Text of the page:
Monday, January 23, 2012

I'm Not Quite Sure How I Feel About This



I have admired Cynthia Nixon ever since she came out, and partly I get her point (i.e. not letting bigots define the terms of the debate) but I also understand why many people are upset by this...

Via World of Wonder

“I gave a speech recently, an empowerment speech to a gay audience, and it included the line ‘I’ve been straight and I’ve been gay, and gay is better.’ And they tried to get me to change it, because they said it implies that homosexuality can be a choice. And for me, it is a choice. I understand that for many people it’s not, but for me it’s a choice, and you don’t get to define my gayness for me. A certain section of our community is very concerned that it not be seen as a choice, because if it’s a choice, then we could opt out. I say it doesn’t matter if we flew here or we swam here, it matters that we are here and we are one group and let us stop trying to make a litmus test for who is considered gay and who is not. As you can tell, I am very annoyed about this issue. Why can’t it be a choice? Why is that any less legitimate? It seems we’re just ceding this point to bigots who are demanding it, and I don’t think that they should define the terms of the debate. I also feel like people think I was walking around in a cloud and didn’t realize I was gay, which I find really offensive. I find it offensive to me, but I also find it offensive to all the men I’ve been out with.”

I also know that with my understanding of both gender studies and feminism that to some degree we should be able to choose whom we love. I imagine that there is a particular percentage of the population that being gay could be a choice - and I'm not simple meaning people who consider themselves bisexual or possibly Sophie B. Hawkins.

But still...

I still admire Ms. Nixon, but I think her comments given the current state of politics, the current state of gay people in the world, and the current state of gay teens in the US, I think her comments are ill-timed and quite thoughtless.

7 comments:

JamTheCat said...

She's ignoring the fact that the bigots HAVE framed the debate and our side is in the defensive, so her comments are ignorant, at best, considering how many gay kids are killing themselves because they're being told what they're feeling is wrong and they're deliberately being that way.

It's like Mark Wahlberg idiotic comment that if he'd been on one of the planes that hit the WTC on 9/11, he'd have beaten them back. At least he realized it was dumb and apologized.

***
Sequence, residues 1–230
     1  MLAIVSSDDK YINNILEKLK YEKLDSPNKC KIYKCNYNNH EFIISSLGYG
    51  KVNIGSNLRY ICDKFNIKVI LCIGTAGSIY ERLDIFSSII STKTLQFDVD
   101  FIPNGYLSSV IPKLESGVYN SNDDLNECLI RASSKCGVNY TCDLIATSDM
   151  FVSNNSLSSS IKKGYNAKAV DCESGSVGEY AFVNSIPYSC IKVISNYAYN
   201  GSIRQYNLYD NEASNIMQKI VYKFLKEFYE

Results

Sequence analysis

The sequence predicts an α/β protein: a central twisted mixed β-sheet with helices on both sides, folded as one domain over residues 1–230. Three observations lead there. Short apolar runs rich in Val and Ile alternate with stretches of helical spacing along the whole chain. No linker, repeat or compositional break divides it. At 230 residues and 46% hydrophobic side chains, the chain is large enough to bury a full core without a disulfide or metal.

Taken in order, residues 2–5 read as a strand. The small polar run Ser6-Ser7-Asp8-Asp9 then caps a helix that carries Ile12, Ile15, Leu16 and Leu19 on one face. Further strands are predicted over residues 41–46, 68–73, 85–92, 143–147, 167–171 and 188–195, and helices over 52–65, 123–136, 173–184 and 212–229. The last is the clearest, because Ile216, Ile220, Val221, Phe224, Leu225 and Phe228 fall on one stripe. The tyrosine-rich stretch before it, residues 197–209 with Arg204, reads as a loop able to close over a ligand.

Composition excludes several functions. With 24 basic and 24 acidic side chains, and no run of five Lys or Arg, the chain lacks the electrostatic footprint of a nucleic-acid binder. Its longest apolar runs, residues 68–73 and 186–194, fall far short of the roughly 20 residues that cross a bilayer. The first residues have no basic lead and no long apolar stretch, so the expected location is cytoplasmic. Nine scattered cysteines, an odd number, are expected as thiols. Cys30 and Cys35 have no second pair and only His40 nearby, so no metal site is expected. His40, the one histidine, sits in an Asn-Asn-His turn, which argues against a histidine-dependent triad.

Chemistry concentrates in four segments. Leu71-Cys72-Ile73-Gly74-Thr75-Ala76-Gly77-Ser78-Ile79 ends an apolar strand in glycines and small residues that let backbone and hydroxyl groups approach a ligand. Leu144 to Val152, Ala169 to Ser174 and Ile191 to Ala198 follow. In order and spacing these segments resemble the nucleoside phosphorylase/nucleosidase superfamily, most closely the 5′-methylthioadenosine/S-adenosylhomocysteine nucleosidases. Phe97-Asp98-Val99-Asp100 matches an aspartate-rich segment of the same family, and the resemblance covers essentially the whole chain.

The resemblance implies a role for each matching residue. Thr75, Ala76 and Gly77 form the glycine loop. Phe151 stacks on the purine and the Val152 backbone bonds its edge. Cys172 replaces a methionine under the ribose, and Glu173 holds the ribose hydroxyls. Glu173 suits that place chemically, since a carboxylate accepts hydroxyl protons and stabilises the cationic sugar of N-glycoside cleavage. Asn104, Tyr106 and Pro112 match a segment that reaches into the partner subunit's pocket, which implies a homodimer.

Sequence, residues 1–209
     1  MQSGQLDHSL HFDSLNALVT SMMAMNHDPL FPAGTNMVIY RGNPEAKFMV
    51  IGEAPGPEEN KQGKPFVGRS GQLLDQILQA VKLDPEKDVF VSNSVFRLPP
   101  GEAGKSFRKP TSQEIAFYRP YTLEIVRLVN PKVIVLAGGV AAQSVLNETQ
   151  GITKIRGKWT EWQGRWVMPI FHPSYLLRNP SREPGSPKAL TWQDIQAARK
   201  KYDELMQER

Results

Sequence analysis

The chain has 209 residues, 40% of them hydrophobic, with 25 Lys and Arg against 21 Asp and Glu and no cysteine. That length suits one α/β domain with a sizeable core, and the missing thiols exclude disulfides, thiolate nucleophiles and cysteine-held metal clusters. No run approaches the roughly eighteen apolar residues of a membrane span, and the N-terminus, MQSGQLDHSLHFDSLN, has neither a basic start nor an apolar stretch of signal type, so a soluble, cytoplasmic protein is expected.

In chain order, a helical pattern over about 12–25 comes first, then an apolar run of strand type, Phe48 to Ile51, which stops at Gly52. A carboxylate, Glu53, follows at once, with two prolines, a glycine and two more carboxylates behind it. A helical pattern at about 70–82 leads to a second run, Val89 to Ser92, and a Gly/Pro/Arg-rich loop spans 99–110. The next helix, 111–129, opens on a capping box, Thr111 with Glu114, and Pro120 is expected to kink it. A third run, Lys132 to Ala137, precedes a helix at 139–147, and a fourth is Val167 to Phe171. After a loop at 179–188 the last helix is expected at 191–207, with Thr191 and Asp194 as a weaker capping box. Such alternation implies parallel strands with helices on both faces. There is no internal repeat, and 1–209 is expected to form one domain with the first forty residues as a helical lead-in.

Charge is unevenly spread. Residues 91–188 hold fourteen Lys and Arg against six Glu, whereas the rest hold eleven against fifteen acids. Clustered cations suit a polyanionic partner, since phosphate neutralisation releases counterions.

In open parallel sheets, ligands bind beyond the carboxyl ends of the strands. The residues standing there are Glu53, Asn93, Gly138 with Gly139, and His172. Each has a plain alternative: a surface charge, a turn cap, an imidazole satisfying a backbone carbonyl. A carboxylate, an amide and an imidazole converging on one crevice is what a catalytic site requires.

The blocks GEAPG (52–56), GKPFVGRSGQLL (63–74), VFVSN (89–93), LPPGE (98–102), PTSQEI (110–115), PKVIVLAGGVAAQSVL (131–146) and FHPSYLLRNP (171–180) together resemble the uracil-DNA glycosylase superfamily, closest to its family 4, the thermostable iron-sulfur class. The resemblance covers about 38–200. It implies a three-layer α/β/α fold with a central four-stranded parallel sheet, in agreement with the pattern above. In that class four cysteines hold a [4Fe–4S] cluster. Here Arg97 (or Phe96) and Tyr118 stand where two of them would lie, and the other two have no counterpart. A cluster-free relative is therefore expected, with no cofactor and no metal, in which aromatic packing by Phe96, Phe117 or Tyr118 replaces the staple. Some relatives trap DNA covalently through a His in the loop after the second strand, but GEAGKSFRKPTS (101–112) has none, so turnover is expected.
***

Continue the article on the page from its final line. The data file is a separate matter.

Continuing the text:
These are the comments of actors who no longer have contact with reality or the meaning of what they're saying.

becca said...

i adore ms. Nixon but I don't know that I believe the train of thought that you choose who you fall in love with. I think love happens naturally and you can't force yourself to love someone you don't so i'm not I totally agree with what she is saying but that being said she has every right to her opinion and her view.

tamayn said...

I understand the spirit of what she's saying but the danger really lies in how people will twist this.

We can all choose whether or not to sleep with men or women, that's true enough. The problem is when it comes to living honestly with ourselves. I could be in an emotional relationship with a woman, but I would never be sexually attracted to a woman.

In a reality where we're not arguing to justify our existence, who cares how or why you are gay. The fact is that there are gay people in the world. We can choose to ignore them or tell them they can change, but the simple fact is they exist.

Writer said...

Kyle, I guess my problem is that I assumed that she the actress would be as thoughtful and intelligent as the character that I grew to admire. :\

Writer said...

becca, but she has to realize that there are young men and women out there - teens - who may look up to her who are dealing with feelings of helplessness and shame thanks to this heterocentric society that we live in, and such comments may further isolate these teenagers who may then decide that there is only one path for recourse...denial of their identity, at best, suicide, at worst.

Writer said...

tamayn, I completely agree. And I think this is ultimately the issue. We live in a world where a very vocal and hateful minority choose to not accept reality on a broad range of subjects. And this is quite quite dangerous. We are here. Deal with it!

Kyle Leach said...

JP, I understand where she is coming from, and I can respect her, though I'm not sure by doing this she is re-framing the debate.

Although I know I have always been GLBTQ, if given the choice to change, I would not. I know many, many people who would take that way out of their lives. That always makes me as sad as can be. I look at our people and even even with all the flaws, I see such wonders and magic, other people really have to try for. For many of us that magic just seems to come naturally.

For me being a queer/fag/fairy isn't just about my attraction to men, my attachment to male genitalia and bodies, or male on male sex/intimacy, it is so much more than that. It took me such a long time to feel special about myself and our people, I couldn't give that up now if I wanted to. We are special, as all life is, and we shouldn't let anyone convince us otherwise.